However, there is growing evidence that the GMP, in its current format, fails to properly reflect diversity amongst the medical profession and patients nor demonstrate sensitivity to the interpretation of values or behaviours through the lens of culture or diversity intelligence. The GMP does not take into account the shared responsibility and collaborative healthcare in multi-professional teams. The GMP does not sufficiently reflect that doctors are working in and for large organisations, where those in leadership and management positions must have accountability. The leaders are responsible for developing and creating functioning teams, provide the optimum working environment, with the tools to perform their intended roles (education and training) and be held accountable for delivering on the requirements of equality, diversity, inclusion and fairness for all patients and professionals, as reinforced by the NHS Constitution and the Equality Act 2010.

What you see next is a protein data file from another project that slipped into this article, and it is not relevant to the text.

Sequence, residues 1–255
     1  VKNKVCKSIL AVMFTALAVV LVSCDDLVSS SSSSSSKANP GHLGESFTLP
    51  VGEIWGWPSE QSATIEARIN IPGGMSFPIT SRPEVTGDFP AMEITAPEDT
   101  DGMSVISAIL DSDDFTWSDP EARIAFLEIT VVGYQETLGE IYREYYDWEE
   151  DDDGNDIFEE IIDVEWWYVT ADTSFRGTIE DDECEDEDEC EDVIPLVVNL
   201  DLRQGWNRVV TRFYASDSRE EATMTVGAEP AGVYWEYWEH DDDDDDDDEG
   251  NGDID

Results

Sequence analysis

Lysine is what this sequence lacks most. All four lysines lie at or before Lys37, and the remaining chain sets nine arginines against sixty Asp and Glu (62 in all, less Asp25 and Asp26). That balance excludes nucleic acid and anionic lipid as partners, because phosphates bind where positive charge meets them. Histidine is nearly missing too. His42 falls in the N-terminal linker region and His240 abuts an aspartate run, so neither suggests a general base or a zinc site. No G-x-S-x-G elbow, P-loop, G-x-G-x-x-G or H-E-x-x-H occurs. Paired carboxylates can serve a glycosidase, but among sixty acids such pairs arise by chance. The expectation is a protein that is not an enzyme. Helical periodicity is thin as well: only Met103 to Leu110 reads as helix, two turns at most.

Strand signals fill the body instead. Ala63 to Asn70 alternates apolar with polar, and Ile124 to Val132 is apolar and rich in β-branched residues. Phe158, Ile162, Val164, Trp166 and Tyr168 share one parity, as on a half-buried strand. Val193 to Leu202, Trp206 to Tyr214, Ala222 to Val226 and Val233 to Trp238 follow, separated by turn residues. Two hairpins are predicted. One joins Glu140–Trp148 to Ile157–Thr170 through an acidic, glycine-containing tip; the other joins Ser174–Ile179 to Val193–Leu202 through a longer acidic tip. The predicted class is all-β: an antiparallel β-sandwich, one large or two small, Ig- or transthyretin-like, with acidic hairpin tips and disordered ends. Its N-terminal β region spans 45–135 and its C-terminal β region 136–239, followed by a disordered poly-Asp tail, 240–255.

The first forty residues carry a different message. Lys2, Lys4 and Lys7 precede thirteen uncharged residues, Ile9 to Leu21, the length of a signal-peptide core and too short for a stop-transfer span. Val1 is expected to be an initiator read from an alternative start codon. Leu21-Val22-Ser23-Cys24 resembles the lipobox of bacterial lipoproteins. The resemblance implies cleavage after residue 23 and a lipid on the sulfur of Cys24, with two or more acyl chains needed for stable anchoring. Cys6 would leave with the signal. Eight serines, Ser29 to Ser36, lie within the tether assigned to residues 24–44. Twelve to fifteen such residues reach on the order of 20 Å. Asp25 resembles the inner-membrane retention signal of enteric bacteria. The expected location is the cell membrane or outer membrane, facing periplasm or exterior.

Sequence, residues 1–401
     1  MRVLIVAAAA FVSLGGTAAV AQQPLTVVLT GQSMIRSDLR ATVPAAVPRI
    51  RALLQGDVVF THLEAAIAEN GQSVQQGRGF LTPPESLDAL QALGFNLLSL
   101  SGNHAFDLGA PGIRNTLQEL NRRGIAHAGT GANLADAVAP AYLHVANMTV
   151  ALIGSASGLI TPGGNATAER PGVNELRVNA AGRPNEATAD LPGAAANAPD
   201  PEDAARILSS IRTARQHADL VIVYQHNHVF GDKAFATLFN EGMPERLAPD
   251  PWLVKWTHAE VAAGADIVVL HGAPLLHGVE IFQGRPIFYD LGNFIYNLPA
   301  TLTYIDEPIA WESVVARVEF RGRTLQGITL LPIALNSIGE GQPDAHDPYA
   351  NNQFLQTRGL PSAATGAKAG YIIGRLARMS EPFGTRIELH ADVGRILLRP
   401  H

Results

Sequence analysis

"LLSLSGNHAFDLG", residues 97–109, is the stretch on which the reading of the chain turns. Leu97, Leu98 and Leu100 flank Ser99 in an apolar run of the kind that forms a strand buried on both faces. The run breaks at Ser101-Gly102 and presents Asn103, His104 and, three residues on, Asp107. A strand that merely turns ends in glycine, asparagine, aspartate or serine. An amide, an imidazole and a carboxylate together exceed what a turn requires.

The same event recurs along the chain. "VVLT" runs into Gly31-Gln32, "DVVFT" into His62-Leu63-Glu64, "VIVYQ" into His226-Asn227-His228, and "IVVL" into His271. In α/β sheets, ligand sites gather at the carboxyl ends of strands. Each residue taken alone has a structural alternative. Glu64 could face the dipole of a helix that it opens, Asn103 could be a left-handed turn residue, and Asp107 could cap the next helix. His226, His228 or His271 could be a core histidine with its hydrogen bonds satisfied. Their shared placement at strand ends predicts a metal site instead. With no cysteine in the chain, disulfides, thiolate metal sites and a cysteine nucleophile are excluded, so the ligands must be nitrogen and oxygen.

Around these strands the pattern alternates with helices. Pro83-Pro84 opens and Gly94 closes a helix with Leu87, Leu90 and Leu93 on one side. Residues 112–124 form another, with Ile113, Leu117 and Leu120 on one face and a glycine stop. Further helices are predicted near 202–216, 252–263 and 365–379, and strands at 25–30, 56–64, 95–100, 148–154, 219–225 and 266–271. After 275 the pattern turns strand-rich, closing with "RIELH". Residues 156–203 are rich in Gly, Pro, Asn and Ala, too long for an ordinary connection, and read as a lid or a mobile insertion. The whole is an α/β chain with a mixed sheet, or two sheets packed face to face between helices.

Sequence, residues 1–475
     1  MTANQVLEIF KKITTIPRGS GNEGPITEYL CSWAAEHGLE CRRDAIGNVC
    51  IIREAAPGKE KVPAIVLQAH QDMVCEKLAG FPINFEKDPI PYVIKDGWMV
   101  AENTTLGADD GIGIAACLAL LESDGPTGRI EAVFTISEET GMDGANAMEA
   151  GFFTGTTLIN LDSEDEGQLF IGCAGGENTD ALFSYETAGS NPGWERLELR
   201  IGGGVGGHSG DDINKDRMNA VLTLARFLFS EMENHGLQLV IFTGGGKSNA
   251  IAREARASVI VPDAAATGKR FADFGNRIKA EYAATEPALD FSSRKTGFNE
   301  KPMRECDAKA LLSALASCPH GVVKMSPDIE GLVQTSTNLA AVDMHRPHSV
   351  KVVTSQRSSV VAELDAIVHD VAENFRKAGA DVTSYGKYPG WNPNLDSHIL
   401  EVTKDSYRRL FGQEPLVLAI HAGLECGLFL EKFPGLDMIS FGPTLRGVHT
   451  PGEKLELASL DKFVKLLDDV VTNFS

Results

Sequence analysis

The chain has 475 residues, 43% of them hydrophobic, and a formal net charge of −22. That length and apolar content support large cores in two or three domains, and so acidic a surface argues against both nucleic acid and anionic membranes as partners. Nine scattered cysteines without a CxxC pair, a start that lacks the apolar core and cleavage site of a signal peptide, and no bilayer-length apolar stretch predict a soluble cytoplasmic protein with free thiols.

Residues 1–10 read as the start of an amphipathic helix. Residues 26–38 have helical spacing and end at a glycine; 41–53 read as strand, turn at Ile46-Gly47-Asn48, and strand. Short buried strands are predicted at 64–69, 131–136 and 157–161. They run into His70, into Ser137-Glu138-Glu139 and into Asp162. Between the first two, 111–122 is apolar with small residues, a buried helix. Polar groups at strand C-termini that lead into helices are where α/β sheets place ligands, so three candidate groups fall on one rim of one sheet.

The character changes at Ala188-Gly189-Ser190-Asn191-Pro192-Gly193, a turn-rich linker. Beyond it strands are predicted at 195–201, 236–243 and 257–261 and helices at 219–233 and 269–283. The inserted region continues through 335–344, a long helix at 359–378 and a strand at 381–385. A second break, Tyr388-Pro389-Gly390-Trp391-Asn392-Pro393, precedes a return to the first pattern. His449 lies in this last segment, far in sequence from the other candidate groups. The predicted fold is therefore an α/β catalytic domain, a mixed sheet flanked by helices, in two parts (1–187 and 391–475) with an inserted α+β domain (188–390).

The resulting unfairness in how healthcare organisations treat regulated professionals, in particular doctors and the differential referral to the regulator is in part due to the format and content of the current GMP, which embodies a set of standards conceived and crafted more than a decade ago, and therefore appears to be significantly outdated in transforming the modern, diverse healthcare landscape.
In this workshop, doctors from across the profession worked with psychologists and academics in reviewing the GMC UK’s redraft of the GMP. In doing so, they suggested amendments and inclusions necessary, so that the proposed GMP 2022, demonstrates progress to a culture of fairness, social justice, diversity and inclusion.
The recommended amendments and inclusions to the GMP from this workshop are presented under three broad themes: 1) working with colleagues, 2) working with patients and for those 3) doctors in leadership or management positions.